At Christmas 1995, the channel celebrated its tenth anniversary and reached its financial balance for the first time. Canal J was included in the digital package of CanalSatellite when it was launched in 1996, and its morning programmes started were picked up by Canal France International (CFI) on 1 May 1996 in a programming block of two hours filled with Canal J shows aimed at Africa, the Middle East and Asia.

In February 1997, the channel launched its own website (canalj.net) which was awarded in Biarritz that year. The site was completely redesigned on 1 January 2001 to become the first editorial and community site among the youth-oriented channels for children in France. The channel celebrated its 15 anniversary on Christmas 2000 and with this success, it launched a spin-off network: TiJi, aimed at children under 7 years old. Canal J at the time was the only kids and teens channel available on all cable providers and CanalSatellite offers.

On 4 April 2001, Canal J premieres Titeuf as an exclusive broadcast. It also premieres Mémorix in March 2003, its eighth TV series airing on the channel.

Its application to broadcast on the digital terrestrial television system in France was approved by the Superior Council of the Audiovisual in May 2003. By that point, the channel surpassed 3.5 million subscribers.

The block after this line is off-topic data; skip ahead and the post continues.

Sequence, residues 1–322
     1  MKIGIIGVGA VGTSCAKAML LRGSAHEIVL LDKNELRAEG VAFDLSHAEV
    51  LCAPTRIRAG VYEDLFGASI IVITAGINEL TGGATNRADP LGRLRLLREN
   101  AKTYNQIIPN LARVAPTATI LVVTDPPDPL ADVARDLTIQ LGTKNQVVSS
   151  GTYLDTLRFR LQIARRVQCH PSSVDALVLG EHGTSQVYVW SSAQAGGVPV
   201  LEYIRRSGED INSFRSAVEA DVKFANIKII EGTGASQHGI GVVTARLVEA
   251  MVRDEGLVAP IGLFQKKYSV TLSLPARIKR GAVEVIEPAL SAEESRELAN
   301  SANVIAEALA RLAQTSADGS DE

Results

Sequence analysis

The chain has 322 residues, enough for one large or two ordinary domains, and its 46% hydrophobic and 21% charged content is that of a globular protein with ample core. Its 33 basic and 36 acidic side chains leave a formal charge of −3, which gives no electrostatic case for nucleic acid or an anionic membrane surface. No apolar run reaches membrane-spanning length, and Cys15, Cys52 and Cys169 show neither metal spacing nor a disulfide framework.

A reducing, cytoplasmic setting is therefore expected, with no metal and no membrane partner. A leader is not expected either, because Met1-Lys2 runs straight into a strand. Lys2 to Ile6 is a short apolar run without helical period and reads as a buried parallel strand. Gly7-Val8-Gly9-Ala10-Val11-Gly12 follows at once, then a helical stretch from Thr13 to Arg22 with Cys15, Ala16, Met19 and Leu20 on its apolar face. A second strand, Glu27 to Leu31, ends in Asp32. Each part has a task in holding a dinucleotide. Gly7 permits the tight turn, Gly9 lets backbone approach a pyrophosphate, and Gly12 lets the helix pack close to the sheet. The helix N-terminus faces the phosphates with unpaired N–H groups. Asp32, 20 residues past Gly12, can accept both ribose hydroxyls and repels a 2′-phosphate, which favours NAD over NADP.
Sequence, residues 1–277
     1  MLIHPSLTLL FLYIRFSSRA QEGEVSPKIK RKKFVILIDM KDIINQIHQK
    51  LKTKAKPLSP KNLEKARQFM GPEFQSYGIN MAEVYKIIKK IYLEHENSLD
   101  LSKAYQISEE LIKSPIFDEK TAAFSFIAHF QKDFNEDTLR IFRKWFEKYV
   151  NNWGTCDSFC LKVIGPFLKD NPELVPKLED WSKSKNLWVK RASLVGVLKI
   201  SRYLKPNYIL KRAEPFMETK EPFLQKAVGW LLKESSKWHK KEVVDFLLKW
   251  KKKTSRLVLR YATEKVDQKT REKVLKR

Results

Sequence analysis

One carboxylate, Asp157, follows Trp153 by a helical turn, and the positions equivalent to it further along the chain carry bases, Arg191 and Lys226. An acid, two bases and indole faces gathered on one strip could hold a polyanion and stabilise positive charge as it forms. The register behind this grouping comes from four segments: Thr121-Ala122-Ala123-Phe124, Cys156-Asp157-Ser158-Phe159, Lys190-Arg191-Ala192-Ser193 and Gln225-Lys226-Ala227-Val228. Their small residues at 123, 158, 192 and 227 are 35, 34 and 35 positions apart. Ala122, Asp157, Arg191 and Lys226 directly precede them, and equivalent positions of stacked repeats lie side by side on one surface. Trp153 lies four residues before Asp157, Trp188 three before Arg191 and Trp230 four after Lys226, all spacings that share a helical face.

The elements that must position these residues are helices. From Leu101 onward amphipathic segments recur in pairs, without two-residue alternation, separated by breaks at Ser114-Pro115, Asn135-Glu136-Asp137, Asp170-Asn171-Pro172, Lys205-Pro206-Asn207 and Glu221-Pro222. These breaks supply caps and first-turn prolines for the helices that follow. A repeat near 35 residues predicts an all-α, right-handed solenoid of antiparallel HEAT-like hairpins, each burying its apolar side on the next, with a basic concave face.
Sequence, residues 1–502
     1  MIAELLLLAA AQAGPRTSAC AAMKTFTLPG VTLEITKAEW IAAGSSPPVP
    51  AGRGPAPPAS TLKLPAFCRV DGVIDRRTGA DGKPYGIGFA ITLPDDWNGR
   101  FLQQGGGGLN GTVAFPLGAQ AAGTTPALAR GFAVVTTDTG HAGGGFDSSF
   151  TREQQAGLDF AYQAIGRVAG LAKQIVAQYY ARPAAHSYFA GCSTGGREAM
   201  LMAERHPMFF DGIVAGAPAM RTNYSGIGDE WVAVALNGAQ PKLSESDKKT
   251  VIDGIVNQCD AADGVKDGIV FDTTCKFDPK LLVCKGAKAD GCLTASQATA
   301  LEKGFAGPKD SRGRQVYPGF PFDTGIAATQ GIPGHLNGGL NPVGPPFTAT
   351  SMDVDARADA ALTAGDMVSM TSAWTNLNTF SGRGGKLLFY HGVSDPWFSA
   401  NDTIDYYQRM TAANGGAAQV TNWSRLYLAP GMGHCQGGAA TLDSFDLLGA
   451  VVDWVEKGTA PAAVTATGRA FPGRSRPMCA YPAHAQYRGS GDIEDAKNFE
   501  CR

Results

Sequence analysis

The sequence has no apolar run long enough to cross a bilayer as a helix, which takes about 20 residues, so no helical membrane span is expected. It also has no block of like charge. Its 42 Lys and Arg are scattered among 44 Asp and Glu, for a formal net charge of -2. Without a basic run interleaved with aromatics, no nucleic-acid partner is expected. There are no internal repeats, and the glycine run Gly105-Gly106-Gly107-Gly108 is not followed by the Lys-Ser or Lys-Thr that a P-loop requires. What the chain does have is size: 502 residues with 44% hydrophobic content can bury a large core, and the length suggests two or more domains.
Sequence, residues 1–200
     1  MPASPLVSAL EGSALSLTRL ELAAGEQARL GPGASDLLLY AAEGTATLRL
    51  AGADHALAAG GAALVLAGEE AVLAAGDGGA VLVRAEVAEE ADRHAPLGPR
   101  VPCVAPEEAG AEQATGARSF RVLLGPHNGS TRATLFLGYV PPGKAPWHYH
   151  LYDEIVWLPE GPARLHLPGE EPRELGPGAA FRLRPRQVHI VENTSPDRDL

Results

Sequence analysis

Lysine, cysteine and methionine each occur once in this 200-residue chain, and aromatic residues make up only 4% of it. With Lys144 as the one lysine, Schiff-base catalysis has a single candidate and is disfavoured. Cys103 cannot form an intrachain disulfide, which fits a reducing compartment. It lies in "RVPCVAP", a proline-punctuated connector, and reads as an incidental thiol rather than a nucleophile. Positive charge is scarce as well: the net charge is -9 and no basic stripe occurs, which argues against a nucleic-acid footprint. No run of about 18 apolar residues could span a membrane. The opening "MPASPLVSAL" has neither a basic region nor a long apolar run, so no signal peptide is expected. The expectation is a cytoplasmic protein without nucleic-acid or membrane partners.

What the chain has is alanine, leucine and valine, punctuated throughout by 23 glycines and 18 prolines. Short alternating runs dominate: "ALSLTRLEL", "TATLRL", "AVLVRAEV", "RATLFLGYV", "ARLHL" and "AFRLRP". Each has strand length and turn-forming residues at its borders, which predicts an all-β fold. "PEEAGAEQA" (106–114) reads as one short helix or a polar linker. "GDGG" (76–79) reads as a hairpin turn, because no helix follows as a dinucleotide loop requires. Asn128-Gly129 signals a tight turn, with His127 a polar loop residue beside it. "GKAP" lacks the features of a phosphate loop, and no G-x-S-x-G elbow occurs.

By the time of the merger between satellite providers Canalsat and TPS, Canal J and TiJi started to be distributed by TPS in summer 2007.

On 27 August 2007, the channel changed its logo and increased its airtime to 24/7 broadcasting.

The costs of broadcasting on digital terrestrial television were too expensive to be funded by the low number of subscribers Canal J had on that platform; due to this, the channel gave up its slot on DTT on 30 April 2009.

On 13 January 2015, Canal J launched its own high-definition simulcast feed. In that same year, it celebrated its 30 anniversary and commemorated it by rebranding its graphical package. It also premiered brand new series like Thunderbirds Are Go, Sailor Moon Crystal and Looped.

On 11 April 2016, Bouygues Telecom and Lagardère Active signed an agreement that allowed Bouygues to carry Canal J and TiJi on its channels offer, ending the exclusivity deal Canalsat and Numéricable had on those channels.

On 25 April of that same year, Canal J released its first animated TV series made in Creole aimed at its audience at the French Antilles. Sonic Boom was the first cartoon to be dubbed in Creole and subtitled in French.

On 12 July of that same year, Lagardère Active reached a deal with Orange in order for the latter to carry TiJi and Canal J. The same was done with Numéricable.

On 25 May 2019, Tiji and Canal J were acquired by Groupe M6.

ReferencesEdit

  1. ^ http://kidscreen.com/2019/02/01/m6-begins-bid-for-lagarderes-kids-channels/
  2. ^ Sonia Livingstone; Moira Bovill, eds. (2001). Children and Their Changing Media Environment: A European Comparative Study. Mahwah, NJ: Lawrence Erlbaum Associates. p. 22. Retrieved 26 December 2014. – via Questia (subscription required)

External linksEdit